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Nine-year old Chiyo (Suzuka Ohgo) and her sister are sold by their poor parents to become Geishas in “Mother’s” (Kaori Momoi) okiya (geisha training house). Her sister is rejected and sold to a brothel, and little Chiyo grows up with hard work and constant humiliation by intrigant Geisha Hatsumomo (Li Gong). Chiyo tries to find her sister, and when they finally meet, they want to escape together – but Chiyo is hurt when she tries to escape over the roofs, and her sister leaves without her. Chiyo is being punished hard – she no longer shall become a Geisha, but a slave in the okiya.
From the moment she meets The Chairman (Ken Watanabe) who is friendly to the sad little girl and buys her sweetened ice, she is determined to become a Geisha and meet the one man who was friendly to her again. With the help of Mameha (Michelle Yeoh), a veteran Geisha, she gets another chance and quickly learns what it means to be a true Geisha. And one of the things she learns is that a Geisha is not here to fulfill her own desires.
“She paints her face to hide her face. Her eyes are deep water. It is not for Geisha to want. It is not for geisha to feel. Geisha is an artist of the floating world. She dances, she sings. She entertains you, whatever you want. The rest is shadows, the rest is secret. “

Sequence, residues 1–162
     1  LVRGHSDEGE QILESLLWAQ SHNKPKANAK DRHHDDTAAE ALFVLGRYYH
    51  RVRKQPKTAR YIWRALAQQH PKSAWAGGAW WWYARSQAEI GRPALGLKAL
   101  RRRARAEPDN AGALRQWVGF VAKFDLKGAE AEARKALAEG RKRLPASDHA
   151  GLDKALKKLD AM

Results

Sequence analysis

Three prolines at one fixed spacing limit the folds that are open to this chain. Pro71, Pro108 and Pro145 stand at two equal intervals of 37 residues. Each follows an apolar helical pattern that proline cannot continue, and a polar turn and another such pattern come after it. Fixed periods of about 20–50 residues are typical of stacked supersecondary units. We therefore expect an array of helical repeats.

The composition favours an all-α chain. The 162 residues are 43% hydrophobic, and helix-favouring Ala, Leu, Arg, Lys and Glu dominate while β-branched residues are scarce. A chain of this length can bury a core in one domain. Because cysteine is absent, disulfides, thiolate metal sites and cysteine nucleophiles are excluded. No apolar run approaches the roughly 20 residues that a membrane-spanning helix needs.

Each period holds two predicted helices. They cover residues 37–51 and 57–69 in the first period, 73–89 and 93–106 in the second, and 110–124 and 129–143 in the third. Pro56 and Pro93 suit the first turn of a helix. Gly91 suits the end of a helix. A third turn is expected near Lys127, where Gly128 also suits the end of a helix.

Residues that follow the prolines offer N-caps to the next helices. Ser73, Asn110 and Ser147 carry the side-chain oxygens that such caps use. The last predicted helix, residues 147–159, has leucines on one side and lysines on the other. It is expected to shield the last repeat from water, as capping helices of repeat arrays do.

When Chiyo’s training is finished, she gets a new name – Sayuri (Ziyi Zhang). And Sayuri soon learns her lesson – she meets The Chairman again – but is assigned to entertain his friend and partner, whom The Chairman owns his life. And then World War II begins, and the days of the Geishas are over – they are separated and evacuated into safety by The Chairman. Will Sayuri see him ever again?

memoirs of a geisha Great acting and beautiful photography alone do not make a great film – the problem with MEMOIRS OF A GEISHA is that there is not enough story and emotion for 145 minutes of running time. Suzuka Ohgo as little Chiyo rescues the beginning, and Li Gong’s activities as jealous schemer are interesting enough, but then the years are passing, and not much is going on, which perfectly reflects Sayuri’s life – she’s waiting forever to be with Ken Watanabe, and feelings are not for the Geisha. But confronting the audience with the same longing for something to happen and some emotion is hardly the best way to communicate this. The ending finally will divide audiences between those who just dismiss it as soppy and those who will think it was worth the long wait.

One Response to “MEMOIRS OF A GEISHA by Rob Marshall”

  1. blackymail Says:

    We enjoyed a sense of harmony in the film until actually seeing the American troops grunting round like morons. And in a way we would have liked to move through life with more grace. But that influence didn’t actually last till the end of the film until we desperately rushed for the toilets. The film was simply too long.

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